A leak might point to multiple issues concerning a number of components. For example, an oil leak might indicate a worn-out oil filter, a broken seal, a broken sealer cap, or a bad valve gasket connection.

This is why it is strictly recommended to visit a mechanic or dealership if you notice leaks of any kind. The sooner you notice the problem, the sooner you can deal it with.

With that said, leaking fluid in an old car should not come as a surprise. Modern cars are now designed to reduce leaks and have quality materials housing the fluids.

Another issue with older cars is that the car shouldn’t be left undriven for long periods of time. Seals, pumps, and gaskets may dry up if left unused and can develop minor leaks.

Nowadays, it wouldn’t be a problem to leave your car for a few weeks without running as long the battery is disconnected. Disconnecting the battery ensures it will not use up power and deplete over time.

Related: Problems With Chinese Cars? (7 Most-Common Issues)

7. Engine Power Issues

A lot of common problems regarding older cars will mostly involve the car’s power. Normal wear and tear together with age will deteriorate the engine’s power.

There are a lot more moving parts in an engine and this makes it hard to diagnose power issues. It is best to check when the engine loses power to track down the failing part.

Quite a lot of issues regarding engine power have to do with the fuel filter. The main purpose of the fuel filter is to filter the fuel before it reaches the engine.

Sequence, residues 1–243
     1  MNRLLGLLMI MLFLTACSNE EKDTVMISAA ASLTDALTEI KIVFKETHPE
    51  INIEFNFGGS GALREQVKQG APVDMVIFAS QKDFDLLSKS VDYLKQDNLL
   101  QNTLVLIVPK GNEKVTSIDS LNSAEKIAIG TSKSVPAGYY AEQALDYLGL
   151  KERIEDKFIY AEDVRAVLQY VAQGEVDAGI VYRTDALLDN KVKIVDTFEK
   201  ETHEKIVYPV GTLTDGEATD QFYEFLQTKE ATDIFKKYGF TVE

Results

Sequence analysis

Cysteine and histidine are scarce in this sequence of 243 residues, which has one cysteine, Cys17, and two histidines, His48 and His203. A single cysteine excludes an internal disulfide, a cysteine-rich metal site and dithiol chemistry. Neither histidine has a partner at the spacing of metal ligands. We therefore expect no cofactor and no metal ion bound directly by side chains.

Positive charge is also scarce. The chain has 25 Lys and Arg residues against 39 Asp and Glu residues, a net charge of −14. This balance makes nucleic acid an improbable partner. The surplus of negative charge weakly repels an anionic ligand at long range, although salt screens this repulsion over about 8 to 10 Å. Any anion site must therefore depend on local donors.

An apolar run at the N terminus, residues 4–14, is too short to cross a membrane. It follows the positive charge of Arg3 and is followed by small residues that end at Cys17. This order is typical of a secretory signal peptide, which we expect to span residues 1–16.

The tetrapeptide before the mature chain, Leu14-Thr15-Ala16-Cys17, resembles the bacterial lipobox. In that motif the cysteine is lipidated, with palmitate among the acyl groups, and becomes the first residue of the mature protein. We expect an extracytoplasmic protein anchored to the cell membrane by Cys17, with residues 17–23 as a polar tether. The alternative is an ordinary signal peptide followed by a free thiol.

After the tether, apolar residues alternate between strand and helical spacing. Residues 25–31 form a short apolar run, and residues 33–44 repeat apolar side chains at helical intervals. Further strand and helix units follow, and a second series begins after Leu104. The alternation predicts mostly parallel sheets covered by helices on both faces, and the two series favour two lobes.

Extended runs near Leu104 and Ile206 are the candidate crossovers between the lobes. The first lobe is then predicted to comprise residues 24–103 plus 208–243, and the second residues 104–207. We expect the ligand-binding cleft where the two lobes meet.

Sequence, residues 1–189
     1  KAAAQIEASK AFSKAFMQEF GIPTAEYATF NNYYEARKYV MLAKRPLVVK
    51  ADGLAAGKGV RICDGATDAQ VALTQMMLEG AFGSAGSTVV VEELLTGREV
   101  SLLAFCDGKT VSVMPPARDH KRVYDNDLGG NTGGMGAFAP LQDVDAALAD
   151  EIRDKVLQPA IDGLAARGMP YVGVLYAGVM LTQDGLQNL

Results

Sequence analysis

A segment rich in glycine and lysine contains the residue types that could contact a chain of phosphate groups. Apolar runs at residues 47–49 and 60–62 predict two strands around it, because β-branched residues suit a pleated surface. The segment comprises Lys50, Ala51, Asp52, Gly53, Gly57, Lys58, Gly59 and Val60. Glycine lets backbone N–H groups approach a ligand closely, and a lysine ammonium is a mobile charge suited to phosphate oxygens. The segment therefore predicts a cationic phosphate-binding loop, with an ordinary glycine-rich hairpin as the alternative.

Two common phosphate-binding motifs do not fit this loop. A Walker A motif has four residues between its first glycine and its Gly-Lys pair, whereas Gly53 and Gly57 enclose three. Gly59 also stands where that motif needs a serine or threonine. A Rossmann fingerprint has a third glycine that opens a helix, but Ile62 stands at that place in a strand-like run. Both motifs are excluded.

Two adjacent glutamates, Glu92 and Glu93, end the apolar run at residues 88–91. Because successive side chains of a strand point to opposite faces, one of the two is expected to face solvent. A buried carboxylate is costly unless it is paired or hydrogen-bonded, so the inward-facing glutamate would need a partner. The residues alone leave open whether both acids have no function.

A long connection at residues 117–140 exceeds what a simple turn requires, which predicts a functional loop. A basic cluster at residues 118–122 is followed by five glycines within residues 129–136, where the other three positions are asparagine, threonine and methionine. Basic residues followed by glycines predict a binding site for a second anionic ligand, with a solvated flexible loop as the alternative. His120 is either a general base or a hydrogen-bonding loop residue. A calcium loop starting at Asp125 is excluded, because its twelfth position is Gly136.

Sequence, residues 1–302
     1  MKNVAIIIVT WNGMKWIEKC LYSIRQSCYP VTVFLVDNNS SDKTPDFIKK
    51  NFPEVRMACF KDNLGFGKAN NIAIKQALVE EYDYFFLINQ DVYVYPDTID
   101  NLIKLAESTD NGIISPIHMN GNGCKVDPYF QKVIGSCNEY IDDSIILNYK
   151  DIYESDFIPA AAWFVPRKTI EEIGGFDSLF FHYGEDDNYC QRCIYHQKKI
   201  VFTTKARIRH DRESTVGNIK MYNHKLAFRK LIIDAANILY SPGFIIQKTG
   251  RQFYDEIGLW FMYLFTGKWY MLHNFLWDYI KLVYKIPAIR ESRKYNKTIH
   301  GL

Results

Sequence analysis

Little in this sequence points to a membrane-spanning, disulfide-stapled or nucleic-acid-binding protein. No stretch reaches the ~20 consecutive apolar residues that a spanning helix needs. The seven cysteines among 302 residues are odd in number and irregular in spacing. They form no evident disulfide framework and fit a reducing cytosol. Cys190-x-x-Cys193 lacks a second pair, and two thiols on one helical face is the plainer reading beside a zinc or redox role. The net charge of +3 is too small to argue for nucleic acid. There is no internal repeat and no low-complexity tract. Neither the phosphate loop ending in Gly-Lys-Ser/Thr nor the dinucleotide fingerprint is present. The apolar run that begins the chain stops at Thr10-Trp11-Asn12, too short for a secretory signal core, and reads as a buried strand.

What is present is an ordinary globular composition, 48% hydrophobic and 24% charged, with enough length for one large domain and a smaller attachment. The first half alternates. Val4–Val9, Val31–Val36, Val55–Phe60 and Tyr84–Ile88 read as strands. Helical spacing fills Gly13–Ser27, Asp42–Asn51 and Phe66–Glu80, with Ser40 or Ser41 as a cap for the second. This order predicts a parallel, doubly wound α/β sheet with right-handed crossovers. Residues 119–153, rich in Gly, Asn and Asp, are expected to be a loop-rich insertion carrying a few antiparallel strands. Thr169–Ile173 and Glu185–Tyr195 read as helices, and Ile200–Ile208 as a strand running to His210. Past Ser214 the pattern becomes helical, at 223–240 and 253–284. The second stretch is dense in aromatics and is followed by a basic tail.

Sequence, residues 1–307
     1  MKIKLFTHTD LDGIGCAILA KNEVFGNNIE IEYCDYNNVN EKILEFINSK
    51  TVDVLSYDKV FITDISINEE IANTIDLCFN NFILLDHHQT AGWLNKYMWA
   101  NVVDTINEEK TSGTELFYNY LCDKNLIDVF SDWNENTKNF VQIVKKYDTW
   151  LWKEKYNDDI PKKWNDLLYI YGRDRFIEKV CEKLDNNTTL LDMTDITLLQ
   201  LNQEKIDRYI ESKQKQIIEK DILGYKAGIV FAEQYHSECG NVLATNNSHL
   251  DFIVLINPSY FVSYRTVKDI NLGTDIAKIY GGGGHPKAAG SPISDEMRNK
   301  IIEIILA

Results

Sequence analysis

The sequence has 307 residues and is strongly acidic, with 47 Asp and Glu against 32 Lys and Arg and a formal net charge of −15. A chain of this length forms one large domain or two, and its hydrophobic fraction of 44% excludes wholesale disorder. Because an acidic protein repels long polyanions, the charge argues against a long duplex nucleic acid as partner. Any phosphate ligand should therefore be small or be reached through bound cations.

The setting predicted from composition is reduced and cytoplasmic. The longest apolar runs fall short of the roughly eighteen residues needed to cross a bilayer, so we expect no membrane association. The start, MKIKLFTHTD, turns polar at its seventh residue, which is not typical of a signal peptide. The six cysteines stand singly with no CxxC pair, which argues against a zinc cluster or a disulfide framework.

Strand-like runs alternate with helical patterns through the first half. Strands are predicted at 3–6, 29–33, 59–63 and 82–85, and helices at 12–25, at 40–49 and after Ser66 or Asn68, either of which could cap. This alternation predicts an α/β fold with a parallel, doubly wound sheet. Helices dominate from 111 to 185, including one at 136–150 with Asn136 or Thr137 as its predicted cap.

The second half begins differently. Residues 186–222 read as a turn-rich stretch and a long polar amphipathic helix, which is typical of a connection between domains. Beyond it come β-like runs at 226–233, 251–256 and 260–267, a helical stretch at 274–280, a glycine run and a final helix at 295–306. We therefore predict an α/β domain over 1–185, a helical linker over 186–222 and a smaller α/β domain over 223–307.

A faulty fuel filter will give way to other problems in the car, including the engine losing power altogether. The fuel filter can also get clogged up with debris and particles, resulting in a loss of power.

The fuel system is a delicate part of the engine and should be kept clean at all times. Parts that have to be cleaned are the exhaust, air filter, fuel injectors, and spark plugs.

Fortunately, older cars don’t have a lot of sensors. A limited number of sensors in the engine means the problem becomes easier to track down.

With that said, fuel system issues are a huge problem for old cars that do not get regular maintenance. So regular servicing and fluid level checks are a must for an older car.

An older car might not be under warranty anymore, meaning a visit to the dealership is not always possible. In this case, an experienced mechanic who deals with your specific model should be able to diagnose and fix engine and power issues.

General Pros and Cons for Older Cars

Here are some pros and cons of older cars:


  • Easy to fix
  • Low fuel costs
  • Much roomier interiors
  • Gain value over time


  • Brake Problems
  • Paint damage and rusting
  • Noisy Exhaust system
  • Electrical glitches
  • Fluid leakage
  • Engine Power Issues

What Do the Reviews Say?

Older cars are easy to work on, there are no computers, no complicated wiring, and there is plenty of room for comfort.

Most cars lose value immediately after they are driven off of the dealer lot, but older cars gain in value over time, due to rarity, performance, or special attributes.

Related: Problems With Older Cars: 18 Common Issues (Explained)

What’s the Resale Value of Older Cars?

Model Mileage (miles) Price ($)
2007 Toyota Avalon 126,540 10,996
2009 Toyota Corolla 142,863 7,965
2006 Ford Fusion 154,870 7,150
2006 Suzuki Forenza 93,434 4,183

Related: 4 Problems With Low-Mileage Diesel Cars (Explained)